KIRKLEES Council has admitted its public consultation process over a controversial plan was “flawed” – and that lessons will be learned.
Councillors yesterday discussed whether the council had effectively consulted the public on the Local Development Framework (LDF) which includes plans for 28,000 homes by 2028.
They agreed some things could be done better in the future.
The plan sets out a blueprint for the district to cope with the growth and population demands.
The LDF proposes increasing housing numbers by more than a fifth in Kirkburton, Holmfirth, Linthwaite, Scissett and Clayton West, Denby Dale, Skelmanthorpe and Dewsbury.
The leader of the Conservatives Clr Robert Light initially raised concerns regarding the process after a council investigation revealed that 14,000 residents did not receive a leaflet detailing the LDF and called for the consultation to be repeated.
But Labour’s Clr David Sheard told the Scrutiny Panel yesterday: “The leaflet was not included as part of the statement of community involvement which was approved by this council and the Government inspector.
“It was an extra way of communicating the information to as many homes as possible.
“The post office could not deliver it and so a private company was used.
“No method of consultation can get to every single member of the public.”
A catalogue of reasons have since been given by the council, for private firm Mailbox Nationwide’s failure to deliver 14,000 leaflets.
Speaking at Huddersfield Town Hall yesterday, Dewsbury South independent Clr Khizar Iqbal said: “I am not here to question the integrity of the people of Kirklees who say they have not been properly consulted regarding the LDF.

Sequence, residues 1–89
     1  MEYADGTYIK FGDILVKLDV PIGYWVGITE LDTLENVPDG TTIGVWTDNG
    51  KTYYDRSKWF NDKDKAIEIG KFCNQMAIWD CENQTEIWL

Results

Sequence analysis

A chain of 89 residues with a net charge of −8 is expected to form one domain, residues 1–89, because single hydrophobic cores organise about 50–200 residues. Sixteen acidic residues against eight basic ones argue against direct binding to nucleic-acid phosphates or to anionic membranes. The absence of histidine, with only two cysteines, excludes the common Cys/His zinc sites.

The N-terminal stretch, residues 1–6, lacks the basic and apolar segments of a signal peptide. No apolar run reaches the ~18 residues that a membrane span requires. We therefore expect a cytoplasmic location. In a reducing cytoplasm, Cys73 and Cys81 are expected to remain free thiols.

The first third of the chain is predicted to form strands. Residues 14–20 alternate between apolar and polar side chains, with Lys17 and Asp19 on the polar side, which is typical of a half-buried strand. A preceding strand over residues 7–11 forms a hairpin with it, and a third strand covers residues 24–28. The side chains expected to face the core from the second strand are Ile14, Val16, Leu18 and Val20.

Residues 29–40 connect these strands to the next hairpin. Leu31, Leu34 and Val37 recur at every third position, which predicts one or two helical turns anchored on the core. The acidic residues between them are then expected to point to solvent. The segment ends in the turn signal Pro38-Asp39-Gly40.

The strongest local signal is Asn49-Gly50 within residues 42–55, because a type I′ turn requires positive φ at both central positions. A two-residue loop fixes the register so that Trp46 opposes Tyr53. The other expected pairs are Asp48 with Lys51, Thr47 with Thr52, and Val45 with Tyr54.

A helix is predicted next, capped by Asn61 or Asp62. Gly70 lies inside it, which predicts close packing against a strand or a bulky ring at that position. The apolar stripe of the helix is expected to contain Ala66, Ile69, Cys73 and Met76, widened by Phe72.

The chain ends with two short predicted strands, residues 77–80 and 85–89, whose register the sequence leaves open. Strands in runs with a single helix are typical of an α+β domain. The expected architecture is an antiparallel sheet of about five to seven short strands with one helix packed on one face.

“The consultation should be a fair, accurate, transparent and meaningful.
“In Dewsbury, only two people out of 150 received a leaflet. This confirms that the consultation was not carried out properly.”
But Clr Julie Stewart-Turner, who chaired the panel, insisted: “We have gone over and above what we set out in the statement of community involvement.
“However, because we set an expectation we have to meet that.”
In addition she called for clarification of the roles of different people involved in the decision-making process to ensure clear lines of responsibility, and making sure the Overview and Scrutiny Committee was kept better informed.
Council officer Jacqui Gedman said the council would continue to pass on consultation responses despite exceeding the official deadline.
The council will also review timings within the framework to allow for short delays if legally acceptable.
Clr Robert Light said after the meeting: “I would have liked to see a clearer criteria for future consultations.
“The consultation officially closed in February so why have they waited until now to say that submissions will still be considered?
“The consultation period should be officially re opened in my opinion.”